Selecting a FIFA Team of the Year is more difficult than I ever imagined
January 11, 2018
So many deserving players, so few spots on the magnetic pitch
EA Sports asked me to vote for their 2017 FUT Team of the Year and sent over a giant box filled with 55 player magnets and a metal pitch upon which just 11 of those players could be placed in a 4-3-3 formation. Sounds easy enough, right? Yeah, that’s what I thought until I actually tried to do it. Now, having completed the task after hours of mental anguish, second guessing, and existential panic, I have come to realize just how difficult it is.
First, here are the 55 nominees:
The 55 nominees for the EA SPORTS Team of the Year revealed! See them all and learn how the winners will be chosen: https://t.co/pJJlt1Z529 #TOTY #FIFA #FUT pic.twitter.com/pIQ7LZGQUf
— EA SPORTS FIFA (@EASPORTSFIFA) January 8, 2018
Starting with the goalkeepers seemed like the best way to ease into this since there were only five options, but all five had an incredible year. Keylor Navas continues to be an underrated, yet vital figure for Real Madrid, the same goes for Atletico’s Jan Oblak, David De Gea has arguably been Man United’s best player for several years now, Gigi Buffon is still Gigi Buffon, even at 39 years old, and somewhat overshadowed in that company, through no fault of his own, is the brilliant Hugo Lloris. How can anyone objectively pick just one of those keepers and say “Yep, he was, without a doubt, better than the rest.” This was when my leg started to twitch.
Next, the defenders. This was when it became clear how easy it would be to pick, say, more than half of Real Madrid’s starting XI. How do you balance team success with individual performance? There’s no formula for this. Marcelo and Sergio Ramos are obvious standouts, Marcos Alonso, Cesar Azpilicueta, and David Luiz are all deserving, as are Danny Carvajal, Dani Alves, Antonio Valencia, and Leonardo Bonucci. And then there’s the likes of Joshua Kimmich, Kyle Walker, and Kalidou Koulibaly who really cemented themselves as world class players on the rise in 2017. There’s only room for four in the team, though. The cold sweats began.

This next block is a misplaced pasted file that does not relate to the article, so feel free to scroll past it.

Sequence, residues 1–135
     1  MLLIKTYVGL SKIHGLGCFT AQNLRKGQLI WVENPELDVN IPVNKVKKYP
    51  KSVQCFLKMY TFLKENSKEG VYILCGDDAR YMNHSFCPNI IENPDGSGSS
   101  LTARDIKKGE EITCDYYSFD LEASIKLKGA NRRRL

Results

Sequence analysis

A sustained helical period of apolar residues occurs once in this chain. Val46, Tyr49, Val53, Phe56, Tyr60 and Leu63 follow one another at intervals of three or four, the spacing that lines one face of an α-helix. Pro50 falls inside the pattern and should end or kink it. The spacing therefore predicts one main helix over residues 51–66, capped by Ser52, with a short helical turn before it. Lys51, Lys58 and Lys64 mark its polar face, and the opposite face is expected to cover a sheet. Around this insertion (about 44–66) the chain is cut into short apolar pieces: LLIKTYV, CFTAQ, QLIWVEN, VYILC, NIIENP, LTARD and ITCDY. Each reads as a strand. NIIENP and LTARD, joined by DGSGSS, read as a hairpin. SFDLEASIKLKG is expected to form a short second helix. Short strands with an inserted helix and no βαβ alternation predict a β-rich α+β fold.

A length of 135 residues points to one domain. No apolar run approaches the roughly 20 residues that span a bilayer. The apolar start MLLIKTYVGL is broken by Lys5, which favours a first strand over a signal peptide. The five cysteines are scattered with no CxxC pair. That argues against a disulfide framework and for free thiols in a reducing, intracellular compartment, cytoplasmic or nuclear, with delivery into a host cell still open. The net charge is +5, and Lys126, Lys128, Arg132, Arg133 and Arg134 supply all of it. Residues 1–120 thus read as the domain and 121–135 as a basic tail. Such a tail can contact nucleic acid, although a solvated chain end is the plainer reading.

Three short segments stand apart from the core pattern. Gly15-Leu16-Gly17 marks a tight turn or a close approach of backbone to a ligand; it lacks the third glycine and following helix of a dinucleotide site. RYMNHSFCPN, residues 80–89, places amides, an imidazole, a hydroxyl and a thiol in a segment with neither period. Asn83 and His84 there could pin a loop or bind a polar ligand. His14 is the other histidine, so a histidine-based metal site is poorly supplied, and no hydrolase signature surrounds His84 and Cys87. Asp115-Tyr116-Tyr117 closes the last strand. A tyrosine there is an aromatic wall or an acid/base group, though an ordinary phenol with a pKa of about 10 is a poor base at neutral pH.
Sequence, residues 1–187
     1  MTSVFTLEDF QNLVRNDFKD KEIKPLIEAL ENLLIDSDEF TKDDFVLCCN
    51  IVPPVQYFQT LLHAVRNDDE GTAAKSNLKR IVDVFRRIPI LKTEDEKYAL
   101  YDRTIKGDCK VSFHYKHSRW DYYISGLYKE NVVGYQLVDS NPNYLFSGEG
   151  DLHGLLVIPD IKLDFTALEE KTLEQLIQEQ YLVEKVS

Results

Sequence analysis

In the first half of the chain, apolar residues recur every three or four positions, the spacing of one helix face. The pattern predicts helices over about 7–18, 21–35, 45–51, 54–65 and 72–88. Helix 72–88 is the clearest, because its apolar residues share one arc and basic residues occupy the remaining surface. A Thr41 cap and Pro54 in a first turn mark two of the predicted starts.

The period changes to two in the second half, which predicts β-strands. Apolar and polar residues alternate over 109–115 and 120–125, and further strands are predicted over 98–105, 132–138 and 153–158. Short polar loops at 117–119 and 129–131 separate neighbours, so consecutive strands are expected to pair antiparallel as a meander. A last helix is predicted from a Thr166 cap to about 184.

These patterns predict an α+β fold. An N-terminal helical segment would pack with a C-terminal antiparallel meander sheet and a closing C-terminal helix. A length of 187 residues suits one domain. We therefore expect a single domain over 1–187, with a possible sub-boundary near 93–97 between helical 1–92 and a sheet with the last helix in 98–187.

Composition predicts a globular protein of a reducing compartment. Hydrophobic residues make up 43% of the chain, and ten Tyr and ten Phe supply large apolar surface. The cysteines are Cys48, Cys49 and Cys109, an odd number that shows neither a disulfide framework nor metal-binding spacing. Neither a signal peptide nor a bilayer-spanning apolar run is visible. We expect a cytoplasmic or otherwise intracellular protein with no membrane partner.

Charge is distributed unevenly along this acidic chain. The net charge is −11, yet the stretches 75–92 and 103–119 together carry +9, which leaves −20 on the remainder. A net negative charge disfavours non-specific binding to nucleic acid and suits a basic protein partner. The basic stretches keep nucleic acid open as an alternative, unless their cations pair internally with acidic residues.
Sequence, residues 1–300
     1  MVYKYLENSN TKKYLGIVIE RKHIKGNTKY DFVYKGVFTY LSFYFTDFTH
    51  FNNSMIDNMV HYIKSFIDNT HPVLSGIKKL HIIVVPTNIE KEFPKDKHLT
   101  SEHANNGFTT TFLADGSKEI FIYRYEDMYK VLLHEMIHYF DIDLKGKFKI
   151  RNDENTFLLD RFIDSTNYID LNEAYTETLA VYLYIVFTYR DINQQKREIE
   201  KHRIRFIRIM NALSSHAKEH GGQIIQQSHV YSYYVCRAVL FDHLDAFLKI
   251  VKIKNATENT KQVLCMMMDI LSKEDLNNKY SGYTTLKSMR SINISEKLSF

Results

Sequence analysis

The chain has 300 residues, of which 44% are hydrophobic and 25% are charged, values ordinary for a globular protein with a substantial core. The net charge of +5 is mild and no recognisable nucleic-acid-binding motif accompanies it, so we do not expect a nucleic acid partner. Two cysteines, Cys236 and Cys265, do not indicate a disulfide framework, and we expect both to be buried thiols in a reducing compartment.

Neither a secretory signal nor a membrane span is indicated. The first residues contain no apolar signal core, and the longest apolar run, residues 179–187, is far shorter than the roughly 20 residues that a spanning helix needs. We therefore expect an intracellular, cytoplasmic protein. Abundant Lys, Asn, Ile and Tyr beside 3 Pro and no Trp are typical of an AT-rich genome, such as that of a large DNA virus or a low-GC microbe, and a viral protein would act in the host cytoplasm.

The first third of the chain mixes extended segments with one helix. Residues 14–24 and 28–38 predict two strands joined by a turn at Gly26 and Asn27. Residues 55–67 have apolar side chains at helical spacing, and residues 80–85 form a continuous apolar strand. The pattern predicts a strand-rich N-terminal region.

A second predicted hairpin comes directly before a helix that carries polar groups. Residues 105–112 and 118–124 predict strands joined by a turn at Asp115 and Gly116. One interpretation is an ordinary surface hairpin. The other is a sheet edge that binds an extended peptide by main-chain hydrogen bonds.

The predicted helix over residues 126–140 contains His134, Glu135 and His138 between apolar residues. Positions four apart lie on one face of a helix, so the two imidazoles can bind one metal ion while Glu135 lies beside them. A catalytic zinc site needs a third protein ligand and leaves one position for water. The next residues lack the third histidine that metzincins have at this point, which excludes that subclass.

In the midfield, the Madridistas are again hard to ignore. Toni Kroos, Luka Modric, Isco, and Casemiro. Again, how much did they lift up their team versus how much did their team lift them up? Radja Nainggolan, Emil Forsberg, Christian Eriksen, and Dele Alli had less success at the team level, but were they any less brilliant individually? Then there’s Thiago, and N’Golo Kante, and Marco Verratti. And Kevin De Bruyne. And Paulo Dybala. I could name every player on the list because to leave anyone out feels criminal. I’m pretty sure I blacked out for a minute.
The forwards: Though they both had their struggles at different points in the calendar year, Cristiano Ronaldo and Leo Messi simply cannot be left out. At this point, it’s tempting to do so because we’ve become so accustomed to their otherworldly talents and it’s nice to recognize other players occasionally, but Messi and Ronaldo remain impossibly great and the comparison has to be them in 2017 versus other players in 2017 and not them in 2017 versus them in previous years. So that leaves just one spot for Robert Lewandowski or Eden Hazard or Harry Kane or Kylian Mbappe or Neymar! or…now I’m naming everyone again. This is where my nose started to bleed.
But a team of 11 players in a 4-3-3 formation had to be picked. Not 33. Not 55. I couldn’t make my own player magnets to make it an even 70. It had to be 11. So this is my final vote:
DEF: Marcelo, Azpilicueta, Ramos, Alves
MID: De Bruyne, Kante, Dybala
FWD: Ronaldo, Kane, Messi
Could strong arguments be made for other players? Most definitely. But for the sake of my own mental health and with a voting deadline in place, I had to settle on a final XI and this one felt good. And now, with that decided, I can continuously second guess it until next year’s vote rolls around.
Follow Brooks on Twitter @BrooksDT.